case studies, fundraising, guest posts

One Donor’s 2012 Giving Tuesday Challenge Test

2 Comments 30 November 2012

Lynne Wester, Director of Stewardship and Donor Recognition at Yeshiva University in New York City and a fundraising stewardship consultant, conducted a brilliant donor user experience test this week during Giving Tuesday, effectively doubling the value of Giving Tuesday for 15 organizations. She donated to all, carefully documenting the experience, assessed the donation process, and blogged about it. I first saw a tweet from Lynne the night before Giving Tuesday:


Of course I was curious…and was thrilled to learn that Lynne was going to put Giving Tuesday to use for everyone. Crowdsourcing names of nomprofits for the Giving Tuesday donation test, she used her social media channels and coworkers, asking “if given $1 million and it had to go to one charity, who would that organization be?”  She donated to many organizations, from Gorilla Fund to charity:water, donating online in amounts ranging from $10-$1000.

While donating, Lynne carefully watched and compiled information on the following experience indicators:
  • How many clicks it takes to get to their giving site
  • How long the gift takes to complete
  • Is the site mobile friendly
  • How is she receipted and acknowledged?
  • Is the donation linked to social media for sharing
  • If I tweet the org saying I just gave, will they tweet back?

This is what she learned, reprinted with permission from Lynne’s original blog post.

The Bad:
1. Not enough social media exposure
2. Giving websites were not mobile-friendly
3. Not enough places gave me the option of giving in honor of someone and even then, only in written format and not through email. The Red Cross told my honoree how much I gave – ARGH!!
4. I’ve already been solicited again!! (Feed the Children)
5. There is no excuse for having a “CAPTCHA” hurdle in order to give
6. Sites are arduous and repetitive, too many sites prescribe the dollar amount to give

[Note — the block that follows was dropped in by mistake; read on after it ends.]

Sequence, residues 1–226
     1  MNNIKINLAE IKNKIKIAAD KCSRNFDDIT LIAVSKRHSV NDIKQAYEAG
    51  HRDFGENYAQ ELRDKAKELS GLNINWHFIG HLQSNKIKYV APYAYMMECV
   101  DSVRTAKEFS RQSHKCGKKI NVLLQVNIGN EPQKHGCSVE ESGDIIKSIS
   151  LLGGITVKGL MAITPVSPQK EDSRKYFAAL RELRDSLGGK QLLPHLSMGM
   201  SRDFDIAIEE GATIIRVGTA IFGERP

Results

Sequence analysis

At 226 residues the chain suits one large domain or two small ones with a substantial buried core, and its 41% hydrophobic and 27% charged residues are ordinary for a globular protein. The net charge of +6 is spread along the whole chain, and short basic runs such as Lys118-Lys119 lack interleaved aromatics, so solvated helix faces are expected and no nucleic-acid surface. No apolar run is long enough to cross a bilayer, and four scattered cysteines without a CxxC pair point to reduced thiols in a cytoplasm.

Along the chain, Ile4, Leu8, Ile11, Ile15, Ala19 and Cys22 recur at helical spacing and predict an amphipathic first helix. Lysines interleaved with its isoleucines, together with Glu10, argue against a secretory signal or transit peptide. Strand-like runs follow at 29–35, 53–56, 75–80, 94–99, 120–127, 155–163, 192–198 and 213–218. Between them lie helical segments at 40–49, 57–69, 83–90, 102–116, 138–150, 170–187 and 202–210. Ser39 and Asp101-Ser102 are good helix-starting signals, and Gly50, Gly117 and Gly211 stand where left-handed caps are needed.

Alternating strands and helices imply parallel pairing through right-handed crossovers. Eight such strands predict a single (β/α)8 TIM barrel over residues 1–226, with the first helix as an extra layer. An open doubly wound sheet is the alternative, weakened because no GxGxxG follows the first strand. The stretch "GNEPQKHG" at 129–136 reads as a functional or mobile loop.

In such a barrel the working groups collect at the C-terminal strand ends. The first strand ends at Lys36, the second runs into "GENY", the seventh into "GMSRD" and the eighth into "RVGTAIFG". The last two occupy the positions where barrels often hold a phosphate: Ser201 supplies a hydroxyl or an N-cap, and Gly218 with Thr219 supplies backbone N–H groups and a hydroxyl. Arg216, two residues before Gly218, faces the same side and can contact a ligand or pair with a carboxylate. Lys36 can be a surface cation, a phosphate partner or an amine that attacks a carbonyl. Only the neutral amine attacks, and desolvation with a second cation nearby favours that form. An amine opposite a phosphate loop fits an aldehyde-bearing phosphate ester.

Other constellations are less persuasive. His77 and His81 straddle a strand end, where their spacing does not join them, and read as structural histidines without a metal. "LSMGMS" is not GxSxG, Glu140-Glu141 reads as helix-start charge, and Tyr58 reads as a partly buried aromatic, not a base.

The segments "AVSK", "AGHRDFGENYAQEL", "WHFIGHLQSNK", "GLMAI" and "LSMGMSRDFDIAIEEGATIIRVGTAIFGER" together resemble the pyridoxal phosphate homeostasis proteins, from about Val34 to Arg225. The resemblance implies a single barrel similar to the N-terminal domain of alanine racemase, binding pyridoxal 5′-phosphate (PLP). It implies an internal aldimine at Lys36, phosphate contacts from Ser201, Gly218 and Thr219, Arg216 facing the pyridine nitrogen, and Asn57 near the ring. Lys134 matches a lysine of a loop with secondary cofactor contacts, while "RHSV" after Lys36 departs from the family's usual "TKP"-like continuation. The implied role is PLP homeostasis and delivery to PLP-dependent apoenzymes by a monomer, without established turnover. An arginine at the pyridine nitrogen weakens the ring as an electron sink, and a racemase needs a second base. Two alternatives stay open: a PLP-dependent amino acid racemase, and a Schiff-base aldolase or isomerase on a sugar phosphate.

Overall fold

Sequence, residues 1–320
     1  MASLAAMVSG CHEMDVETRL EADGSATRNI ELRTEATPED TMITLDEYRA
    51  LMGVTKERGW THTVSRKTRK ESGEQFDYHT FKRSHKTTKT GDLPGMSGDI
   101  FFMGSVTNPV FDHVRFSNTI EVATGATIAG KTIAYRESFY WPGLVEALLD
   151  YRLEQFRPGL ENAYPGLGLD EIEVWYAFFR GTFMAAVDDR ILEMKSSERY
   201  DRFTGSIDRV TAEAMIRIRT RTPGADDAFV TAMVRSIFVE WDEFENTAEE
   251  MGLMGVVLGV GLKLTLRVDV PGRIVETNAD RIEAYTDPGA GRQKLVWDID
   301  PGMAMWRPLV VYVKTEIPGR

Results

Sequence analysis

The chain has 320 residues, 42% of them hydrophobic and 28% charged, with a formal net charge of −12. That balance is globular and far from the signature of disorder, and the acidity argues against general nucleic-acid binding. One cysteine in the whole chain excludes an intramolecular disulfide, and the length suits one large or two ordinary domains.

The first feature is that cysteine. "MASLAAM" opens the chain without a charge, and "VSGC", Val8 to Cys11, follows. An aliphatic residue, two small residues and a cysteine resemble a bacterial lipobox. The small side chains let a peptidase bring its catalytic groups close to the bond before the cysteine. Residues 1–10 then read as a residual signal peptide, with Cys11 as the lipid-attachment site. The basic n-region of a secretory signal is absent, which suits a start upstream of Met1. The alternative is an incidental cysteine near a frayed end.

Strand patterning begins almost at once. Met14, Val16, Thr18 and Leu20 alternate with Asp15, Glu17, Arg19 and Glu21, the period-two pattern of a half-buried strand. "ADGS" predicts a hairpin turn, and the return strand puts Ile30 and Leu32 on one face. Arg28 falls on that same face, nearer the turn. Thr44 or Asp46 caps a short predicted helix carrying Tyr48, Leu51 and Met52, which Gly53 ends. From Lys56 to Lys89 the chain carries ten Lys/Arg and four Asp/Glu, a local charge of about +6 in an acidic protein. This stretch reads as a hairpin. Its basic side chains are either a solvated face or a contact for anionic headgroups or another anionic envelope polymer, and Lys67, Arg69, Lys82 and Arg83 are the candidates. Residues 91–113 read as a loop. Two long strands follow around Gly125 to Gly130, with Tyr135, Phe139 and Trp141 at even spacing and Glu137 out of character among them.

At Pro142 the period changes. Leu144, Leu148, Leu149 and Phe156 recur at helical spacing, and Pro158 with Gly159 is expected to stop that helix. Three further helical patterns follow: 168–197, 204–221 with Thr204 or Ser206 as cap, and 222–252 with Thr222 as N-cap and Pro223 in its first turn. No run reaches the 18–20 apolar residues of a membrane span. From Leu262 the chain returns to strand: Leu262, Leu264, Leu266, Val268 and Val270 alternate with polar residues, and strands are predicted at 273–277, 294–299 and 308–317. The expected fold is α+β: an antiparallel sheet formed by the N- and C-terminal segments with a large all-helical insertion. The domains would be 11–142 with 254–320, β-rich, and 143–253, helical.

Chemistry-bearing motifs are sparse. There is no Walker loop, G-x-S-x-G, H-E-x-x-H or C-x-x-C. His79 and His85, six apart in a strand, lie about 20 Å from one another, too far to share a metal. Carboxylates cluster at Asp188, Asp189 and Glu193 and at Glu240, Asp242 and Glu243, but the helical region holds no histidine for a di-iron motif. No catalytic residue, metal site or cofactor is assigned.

The Good:
1. Showing the impact: look at charity:water
2. Sites are starting to be better about where to find them on social media
3. A good response from those that I tweeted (5 out of 15)
4. I saw one site’s button that said “Save a Life,” which is much better than “Submit” or “Add to Cart”
5. We have room to grow
Lynne documented everything in an open spreadsheet that you may view here.
(The following are screenshots reprinted with Lynne’s permission.)

Here are some screenshots of The Good from Covenant House, American Cancer Society, VCU Massey Cancer Center:

Lynne told me that “American Cancer Society was good because they embedded social media, Massey had a great acknowledgment page, and Covenant House told me what my donation would do!”
Here are screenshots of The Bad from Colon Cancer Alliance, Feed the Children, New York Charities, and UMass Boston:

As you can see, there was a problem donating to NY Charities and Colon Cancer Alliance barely acknowledged the gift. Lynne explained in a follow-up email to explain why she included Feed the Children: “Along with the Feed the Children acknowledgment was another ask to buy items in the store! And an additional note, they solicited me again today, TWO days after I made my first gift… Horrible!” She notes that she included UMass Boston “because in their thank you, all the bullets were about giving, not my gift or the impact of it…”
…and some things we can implement
Charity Water Wins the Response Screen Messaging
In Lynne’s words: “Charity water was the great because of the amazing on screen message and immediate impact of my gift!”
Lynne also offered this in her blog post: “I will make a gift to anyone and discuss their online giving site and response should they want it… be ready for honesty. I would love to hear what you think, we have one more step to go to find out how I am formally acknowledged and how fast they re-solicit me! I look forward to your commentary and let me know if you want to join the experiment.
Lynne notes that she will examine acknowledgment and stewardship for the gift, how quickly she is re-solicited, and whether or not this happens before she is properly thanked in a follow-up blog post…stay tuned to her blog for that post! You can find out more about Lynne through her Donor Relations Guru website and chat with her on Twitter @donorguru.


Debra Askanase is an experienced digital engagement strategist, non-profit executive, and community organizer. She works with mission-driven organizations to develop digital strategies and campaigns that engage, create trust, and move stakeholders to action. Debra speaks at conferences worldwide on the intersection of technology, social media, and nonprofit organizations.

Follow Debra

Subscribe via email




© 2020 Social Media Strategy for Mission-Driven Organizations.

Site by Arrow Root Media